Daniel Day-Lewis in "Lincoln" (Photo : Paramount Pictures)
The Best Actor race is one of the least suspenseful races at the moment with few actors actually competing for the five Academy Award slots. However, there is the potential for some major surprises in this category when the nominations are announced on Jan. 10, 2013.
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As is the case with almost every other case, there are three locks in this category. Daniel Day-Lewis has won almost every precursor award for Best Actor to date for his turn as the 16th President of the United States in Steven Spielberg's "Lincoln." In total, he has a whopping 17 Best Actor wins, more than any other nominee in any other category. Among the organizations that have awarded Day-Lewis are the New York Film Critics, the Boston Film Critics, the Washington DC Film Critics, and the San Francisco Film Awards. He was also nominated for the Golden Globes, Screen Actors Guild Awards (SAGs), and the Critics Choice Awards. Day-Lewis has won two Oscars, with his last one coming in 2008 for "There Will Be Blood."
The second actor who will undoubtedly be nominated is John Hawkes for his performance in "The Sessions." Hawkes has only won one precursor award for Best Actor, but his nominations for the SAGs, Golden Globes, and Critics Choice Awards. Before Day-Lewis broke on the scene, he was considered a major contender to win the award. Hawkes was nominated for his only Oscar back in 2011 for his work in "Winter's Bone."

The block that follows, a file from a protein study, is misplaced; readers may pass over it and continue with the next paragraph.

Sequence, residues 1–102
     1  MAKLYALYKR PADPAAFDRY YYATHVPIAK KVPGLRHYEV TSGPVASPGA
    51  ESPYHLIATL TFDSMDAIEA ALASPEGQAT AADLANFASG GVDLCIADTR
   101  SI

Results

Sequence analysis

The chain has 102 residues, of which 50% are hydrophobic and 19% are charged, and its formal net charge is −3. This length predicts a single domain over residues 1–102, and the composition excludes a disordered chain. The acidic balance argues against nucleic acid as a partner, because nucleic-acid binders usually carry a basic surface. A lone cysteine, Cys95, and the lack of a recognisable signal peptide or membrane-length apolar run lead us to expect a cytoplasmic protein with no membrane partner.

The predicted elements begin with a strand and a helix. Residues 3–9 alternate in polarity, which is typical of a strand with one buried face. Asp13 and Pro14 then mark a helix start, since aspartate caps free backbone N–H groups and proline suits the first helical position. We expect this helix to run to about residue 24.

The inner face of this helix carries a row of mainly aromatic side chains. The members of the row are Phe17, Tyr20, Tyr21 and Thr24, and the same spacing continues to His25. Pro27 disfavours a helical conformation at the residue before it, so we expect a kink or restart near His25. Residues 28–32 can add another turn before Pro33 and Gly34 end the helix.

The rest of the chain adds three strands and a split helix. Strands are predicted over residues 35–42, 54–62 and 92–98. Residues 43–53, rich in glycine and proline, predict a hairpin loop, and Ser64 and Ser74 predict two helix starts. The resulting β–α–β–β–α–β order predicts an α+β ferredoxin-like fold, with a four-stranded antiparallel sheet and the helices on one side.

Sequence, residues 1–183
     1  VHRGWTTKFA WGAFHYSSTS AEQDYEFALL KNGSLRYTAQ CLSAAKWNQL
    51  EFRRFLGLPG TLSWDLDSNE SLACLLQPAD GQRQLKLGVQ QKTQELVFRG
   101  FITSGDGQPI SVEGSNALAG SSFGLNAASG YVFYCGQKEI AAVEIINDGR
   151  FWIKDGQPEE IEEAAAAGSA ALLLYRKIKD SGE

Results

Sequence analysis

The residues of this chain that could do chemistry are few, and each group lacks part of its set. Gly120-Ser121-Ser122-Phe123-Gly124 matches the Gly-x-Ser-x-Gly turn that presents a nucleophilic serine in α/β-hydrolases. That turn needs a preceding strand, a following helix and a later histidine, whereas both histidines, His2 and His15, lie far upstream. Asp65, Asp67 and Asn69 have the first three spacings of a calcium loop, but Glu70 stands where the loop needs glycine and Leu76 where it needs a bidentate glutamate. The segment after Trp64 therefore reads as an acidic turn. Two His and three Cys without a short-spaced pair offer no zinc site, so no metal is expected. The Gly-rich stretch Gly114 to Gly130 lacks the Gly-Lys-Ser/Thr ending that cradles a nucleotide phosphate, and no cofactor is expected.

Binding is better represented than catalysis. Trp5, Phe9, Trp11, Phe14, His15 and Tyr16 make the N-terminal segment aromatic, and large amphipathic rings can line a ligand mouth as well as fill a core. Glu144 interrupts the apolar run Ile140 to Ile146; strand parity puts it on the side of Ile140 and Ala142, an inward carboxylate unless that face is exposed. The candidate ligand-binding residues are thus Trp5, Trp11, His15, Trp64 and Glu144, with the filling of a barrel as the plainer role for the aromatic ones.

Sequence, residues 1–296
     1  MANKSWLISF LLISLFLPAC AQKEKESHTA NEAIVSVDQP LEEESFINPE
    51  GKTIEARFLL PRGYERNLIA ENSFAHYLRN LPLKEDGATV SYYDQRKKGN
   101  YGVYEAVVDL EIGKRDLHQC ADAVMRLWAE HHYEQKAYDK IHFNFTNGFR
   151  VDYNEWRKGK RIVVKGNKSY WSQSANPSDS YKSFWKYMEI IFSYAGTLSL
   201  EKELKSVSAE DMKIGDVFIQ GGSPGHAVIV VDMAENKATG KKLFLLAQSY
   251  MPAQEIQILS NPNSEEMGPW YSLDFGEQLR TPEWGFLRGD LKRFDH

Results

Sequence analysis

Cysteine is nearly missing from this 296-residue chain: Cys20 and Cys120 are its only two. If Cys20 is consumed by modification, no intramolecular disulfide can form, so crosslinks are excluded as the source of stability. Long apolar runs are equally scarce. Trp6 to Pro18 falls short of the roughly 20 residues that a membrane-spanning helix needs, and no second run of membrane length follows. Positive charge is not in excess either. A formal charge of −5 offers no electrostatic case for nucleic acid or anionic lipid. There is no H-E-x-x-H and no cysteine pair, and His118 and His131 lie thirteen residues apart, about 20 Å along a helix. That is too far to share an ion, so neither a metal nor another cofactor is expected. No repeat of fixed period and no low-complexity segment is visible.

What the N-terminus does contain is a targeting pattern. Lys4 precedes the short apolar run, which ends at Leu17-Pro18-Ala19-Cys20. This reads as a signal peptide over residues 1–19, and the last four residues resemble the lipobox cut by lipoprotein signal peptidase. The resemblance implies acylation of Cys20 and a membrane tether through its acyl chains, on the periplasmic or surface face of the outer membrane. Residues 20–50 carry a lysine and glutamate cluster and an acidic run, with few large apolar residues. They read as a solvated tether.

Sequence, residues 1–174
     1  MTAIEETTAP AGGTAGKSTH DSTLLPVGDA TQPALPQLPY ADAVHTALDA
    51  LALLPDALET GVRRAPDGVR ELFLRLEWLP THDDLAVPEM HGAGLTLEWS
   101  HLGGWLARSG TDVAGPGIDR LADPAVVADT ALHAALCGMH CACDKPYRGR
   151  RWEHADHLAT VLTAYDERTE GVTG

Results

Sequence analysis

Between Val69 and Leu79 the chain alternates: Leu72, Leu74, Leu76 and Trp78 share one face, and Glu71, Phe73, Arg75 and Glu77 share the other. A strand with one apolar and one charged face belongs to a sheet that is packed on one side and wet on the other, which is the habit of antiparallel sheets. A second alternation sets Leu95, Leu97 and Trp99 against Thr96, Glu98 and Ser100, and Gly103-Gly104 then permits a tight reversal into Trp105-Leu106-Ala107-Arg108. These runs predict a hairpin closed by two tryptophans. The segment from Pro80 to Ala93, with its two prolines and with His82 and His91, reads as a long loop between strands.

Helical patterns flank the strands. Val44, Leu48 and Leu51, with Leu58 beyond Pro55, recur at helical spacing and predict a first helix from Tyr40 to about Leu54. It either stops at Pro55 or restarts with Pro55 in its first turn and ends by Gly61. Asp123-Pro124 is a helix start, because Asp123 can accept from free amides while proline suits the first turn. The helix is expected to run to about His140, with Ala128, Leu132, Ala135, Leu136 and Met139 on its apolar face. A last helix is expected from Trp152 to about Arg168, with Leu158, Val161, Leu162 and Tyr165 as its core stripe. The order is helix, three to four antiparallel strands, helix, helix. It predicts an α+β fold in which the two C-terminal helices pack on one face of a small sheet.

The final lock for this category is Denzel Washington for his performance in "Flight." Washington won the Best Actor award from the African American Film Critics and was also nominated for the SAGs, Golden Globes, and Critics Choice Awards. The actor has been nominated for five Academy Awards and has won twice; in 1990 he picked up the golden statue for his supporting role in "Glory" while his last Oscar came in 2002 for his leading role in "Training Day."
The Major Contenders for the Final Two Spots
"The Master's" Joaquin Phoenix was widely believed to be the front-runner to win the award back in September, but the combination of Day-Lewis and Phoenix's attacks on awards have put his nomination in peril. Back in October, the actor stated publicly that he hated awards. "I think it's total, utter [expletive], and I don't want to be a part of it. I don't believe in it. It's a carrot, but it's the worst-tasting carrot I've ever tasted in my whole life... Pitting people against each other... it's the stupidest thing in the whole world."
He added that, "It was one of the most uncomfortable periods of my life when 'Walk the Line' was going through all the awards stuff and all that. I never want to have that experience again." He later retracted his statement and thanked the Oscars for jumpstarting his career, but it seemed that the damage had already been done. His turn in "The Master" was subsequently ignored by the SAGs, which is made up of a major contingent of Oscar voters. Even though he was nominated for the Golden Globes and the Critics Choice, the omission from the SAGs could be pretty telling. Phoenix does have a history with the Academy and was nominated for his performances in "Gladiator (2001)" and "Walk the Line(2006)."